Digital learning tools open a world of possibilities for ethnic minority girls in remote Viet Nam
The story of Ma Thi Si
Nestled deep in the remote mountainous areas of the Northwest Region of Viet Nam lies a small village named Ham Rong, inhabited mostly by families from the Mong ethnic minority group. Every morning, girls like 11-year-old Ma Thi Si, wake up early, dress in traditional clothes and attend school in their village.
What – or rather, how, Si and her friends learn at school has changed dramatically in recent years. Teachers were trained to use Augmented and Virtual Reality (AVR)-assisted teaching methods through a programme by the Ministry of Education and Training, with the support of UNICEF Skills4Girls and local civil society organizations. Now, children like Si use tablets with virtual reality glasses to experience interactive 3D learning that combines a view of the real world with computer-generated elements, all without stepping a foot out of their village. From exploring the solar system to animals to engineering, students are fast embracing and mastering the new technology, improving their digital literacy and other 21st-century skills.
Si has always loved learning science, technology, engineering, and mathematics (STEM) subjects but the real-life application of technological innovation is completely new to her. “When we used to learn science, teachers would go through textbooks and explain things using the blackboard,” says Si.
Trang Tho Pe, a teacher from Bat Xat Secondary School in Lao Cai, says the new technology has opened up a world of opportunities for adolescent girls, especially those from ethnic minority backgrounds.
“Girls are hardworking and perform well in class. However, they often underestimate their ability and disengage prematurely from STEM subjects,” says Trang.
Trang remembers how different her own childhood was. She would walk four kilometers to school and study by oil lamps in a space sheltered by bamboo and palm leaves. Despite these difficult conditions, school brought Trang immense joy. She worked hard and looked up to her teachers, who tirelessly helped her learn useful skills and encouraged her to dream big.
“In my childhood, there was no television, let alone tablets. When teachers told us different scientific theories, we could only imagine how they worked in real life,” says Trang.
Now, aged 35, Trang is an award-winning technology teacher and has made it her mission to introduce all girls in Lao Cai to technology like AVR, and to challenge stereotypes that hold girls back.
Viet Nam has achieved near-universal education, women have comparatively high workforce participation, and women and girls’ healthcare has been improving but there are still gaps amongst certain groups. Out-of-school rates for ethnic minority girls and boys of secondary school age are twice the national average. In some mountainous districts of the country, only 10 per cent of ethnic minority girls sit the exam for upper secondary school.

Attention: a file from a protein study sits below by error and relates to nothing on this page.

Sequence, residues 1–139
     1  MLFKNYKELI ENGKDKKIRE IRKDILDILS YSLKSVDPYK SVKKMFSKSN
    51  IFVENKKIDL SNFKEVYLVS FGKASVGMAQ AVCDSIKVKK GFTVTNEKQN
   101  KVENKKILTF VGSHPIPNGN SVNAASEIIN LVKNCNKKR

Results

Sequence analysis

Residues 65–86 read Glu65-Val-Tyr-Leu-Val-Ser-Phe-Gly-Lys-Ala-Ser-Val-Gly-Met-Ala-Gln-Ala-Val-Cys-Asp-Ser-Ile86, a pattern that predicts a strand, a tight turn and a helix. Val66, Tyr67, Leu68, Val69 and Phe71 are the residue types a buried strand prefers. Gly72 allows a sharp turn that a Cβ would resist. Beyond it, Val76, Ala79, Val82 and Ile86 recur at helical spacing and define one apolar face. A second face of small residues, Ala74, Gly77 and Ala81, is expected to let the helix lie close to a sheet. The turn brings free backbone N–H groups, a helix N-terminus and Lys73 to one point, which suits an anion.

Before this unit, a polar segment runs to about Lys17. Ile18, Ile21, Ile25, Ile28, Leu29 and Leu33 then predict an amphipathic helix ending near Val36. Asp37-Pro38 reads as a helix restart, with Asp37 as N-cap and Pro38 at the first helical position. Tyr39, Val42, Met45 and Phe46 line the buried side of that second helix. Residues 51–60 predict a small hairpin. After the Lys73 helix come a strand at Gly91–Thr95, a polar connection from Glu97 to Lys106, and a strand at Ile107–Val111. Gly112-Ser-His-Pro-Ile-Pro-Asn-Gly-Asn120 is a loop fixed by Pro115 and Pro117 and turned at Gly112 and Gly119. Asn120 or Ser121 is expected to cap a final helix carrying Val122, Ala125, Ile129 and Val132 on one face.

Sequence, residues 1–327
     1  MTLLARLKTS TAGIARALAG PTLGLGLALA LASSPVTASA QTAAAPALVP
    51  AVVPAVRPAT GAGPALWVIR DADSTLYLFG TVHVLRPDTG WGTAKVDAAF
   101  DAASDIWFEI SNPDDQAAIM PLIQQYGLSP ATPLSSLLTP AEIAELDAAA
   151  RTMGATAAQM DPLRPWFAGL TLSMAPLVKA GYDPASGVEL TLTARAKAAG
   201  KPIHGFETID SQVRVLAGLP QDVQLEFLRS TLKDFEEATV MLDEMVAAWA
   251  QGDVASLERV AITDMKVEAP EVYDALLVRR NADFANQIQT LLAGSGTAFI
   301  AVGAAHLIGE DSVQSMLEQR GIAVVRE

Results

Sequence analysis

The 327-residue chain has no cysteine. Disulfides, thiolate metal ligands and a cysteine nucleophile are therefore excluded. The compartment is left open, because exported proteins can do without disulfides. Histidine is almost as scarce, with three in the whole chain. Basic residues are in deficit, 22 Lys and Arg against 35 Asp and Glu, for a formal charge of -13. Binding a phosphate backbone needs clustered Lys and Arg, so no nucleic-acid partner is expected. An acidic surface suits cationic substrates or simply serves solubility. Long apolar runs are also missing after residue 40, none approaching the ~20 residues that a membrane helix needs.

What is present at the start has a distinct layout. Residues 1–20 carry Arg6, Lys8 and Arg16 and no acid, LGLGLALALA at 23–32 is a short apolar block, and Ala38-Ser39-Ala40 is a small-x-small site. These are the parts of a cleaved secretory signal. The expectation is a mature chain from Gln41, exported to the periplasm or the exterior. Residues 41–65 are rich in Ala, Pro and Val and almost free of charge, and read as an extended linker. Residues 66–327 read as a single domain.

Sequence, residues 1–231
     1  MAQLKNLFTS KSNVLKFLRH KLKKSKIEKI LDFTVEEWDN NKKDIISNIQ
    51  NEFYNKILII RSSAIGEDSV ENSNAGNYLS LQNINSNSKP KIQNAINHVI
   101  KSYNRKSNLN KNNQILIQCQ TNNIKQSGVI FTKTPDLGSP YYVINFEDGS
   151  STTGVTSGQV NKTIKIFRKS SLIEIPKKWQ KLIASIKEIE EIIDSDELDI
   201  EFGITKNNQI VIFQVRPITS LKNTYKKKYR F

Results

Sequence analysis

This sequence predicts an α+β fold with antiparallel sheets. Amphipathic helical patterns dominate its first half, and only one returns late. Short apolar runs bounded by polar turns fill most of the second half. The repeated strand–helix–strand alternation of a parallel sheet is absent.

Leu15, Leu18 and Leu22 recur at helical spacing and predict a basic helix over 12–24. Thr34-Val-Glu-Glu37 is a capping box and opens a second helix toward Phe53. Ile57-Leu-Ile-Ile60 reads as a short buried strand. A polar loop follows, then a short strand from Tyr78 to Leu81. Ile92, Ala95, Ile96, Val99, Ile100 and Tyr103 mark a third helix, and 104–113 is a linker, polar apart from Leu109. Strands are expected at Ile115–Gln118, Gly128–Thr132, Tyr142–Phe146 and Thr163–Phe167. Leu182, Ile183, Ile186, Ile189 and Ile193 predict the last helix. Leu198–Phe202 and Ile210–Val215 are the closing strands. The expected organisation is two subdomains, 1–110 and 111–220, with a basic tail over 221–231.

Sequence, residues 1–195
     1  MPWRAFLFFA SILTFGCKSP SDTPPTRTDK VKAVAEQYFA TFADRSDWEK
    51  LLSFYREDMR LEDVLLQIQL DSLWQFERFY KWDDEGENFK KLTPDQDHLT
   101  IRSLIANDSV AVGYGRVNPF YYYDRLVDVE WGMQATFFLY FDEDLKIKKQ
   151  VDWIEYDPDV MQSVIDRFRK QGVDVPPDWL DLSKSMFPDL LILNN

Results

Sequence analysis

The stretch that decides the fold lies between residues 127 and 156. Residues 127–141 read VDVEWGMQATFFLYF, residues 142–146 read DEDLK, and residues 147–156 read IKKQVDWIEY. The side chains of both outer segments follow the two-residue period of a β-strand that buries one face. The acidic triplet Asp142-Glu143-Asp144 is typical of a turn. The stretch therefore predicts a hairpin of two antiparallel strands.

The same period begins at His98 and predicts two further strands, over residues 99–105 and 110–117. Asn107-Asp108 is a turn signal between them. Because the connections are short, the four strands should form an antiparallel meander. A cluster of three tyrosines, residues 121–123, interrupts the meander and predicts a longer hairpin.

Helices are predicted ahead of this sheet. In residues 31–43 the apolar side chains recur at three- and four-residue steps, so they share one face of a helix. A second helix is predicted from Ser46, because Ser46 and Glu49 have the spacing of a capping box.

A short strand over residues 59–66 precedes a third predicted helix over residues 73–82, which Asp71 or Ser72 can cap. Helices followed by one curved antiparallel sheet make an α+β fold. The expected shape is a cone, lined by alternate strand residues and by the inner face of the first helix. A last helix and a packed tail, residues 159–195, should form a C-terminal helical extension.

“It’s quite common for children to be socialized into gendered roles from early on in Viet Nam. Women and girls also carry a huge burden when it comes to housework and childcare,” says UNICEF Deputy Representative, Lesley Miller. “This is why UNICEF’s programming includes teacher sensitization and training, working with policymakers on curriculum reform, and rolling out innovations in teaching and learning materials.”
“Over 400 teachers—67 per cent of them female and 24 per cent from ethnic minorities themselves—have been trained to deliver their usual curriculum in a more adaptive and collaborative way using technology like tablets, computers and augmented reality glasses. It’s important to us that girls—and boys—have female role models motivating and inspiring them to engage in STEM learning,” says Miller.
To date, trained secondary school teachers, like Trang, have reached almost 30,000 adolescent girls and boys in the first cohort of pilot schools. Viet Nam’s Ministry of Education and Training is now committed to rolling out the initiative nationwide with a focus on girls in remote communities. The reasons, which fuel UNICEF’s new Adolescent Girls Programme Strategy, are compelling: emerging economies could boost their GDP by an average of 10 per cent should they achieve 100 percent upper secondary schooling for all girls by 2030.
“Even before the Covid-19 pandemic, when the importance of digital connectivity became starkly obvious, UNICEF Viet Nam made plans to ensure that our digital learning programme didn’t just benefit the urban areas or just the middle class. We didn’t want to widen the digital divide. So, from the very beginning, our strategy was to reach the most vulnerable and most marginalized populations. Now, the programme will be scaled up further not by UNICEF, but by the Ministry of Education. While the focus in Viet Nam is on empowering and uplifting girls, it doesn't mean our interventions are only about girls. When girls have better opportunities, boys also have better opportunities,” says Miller.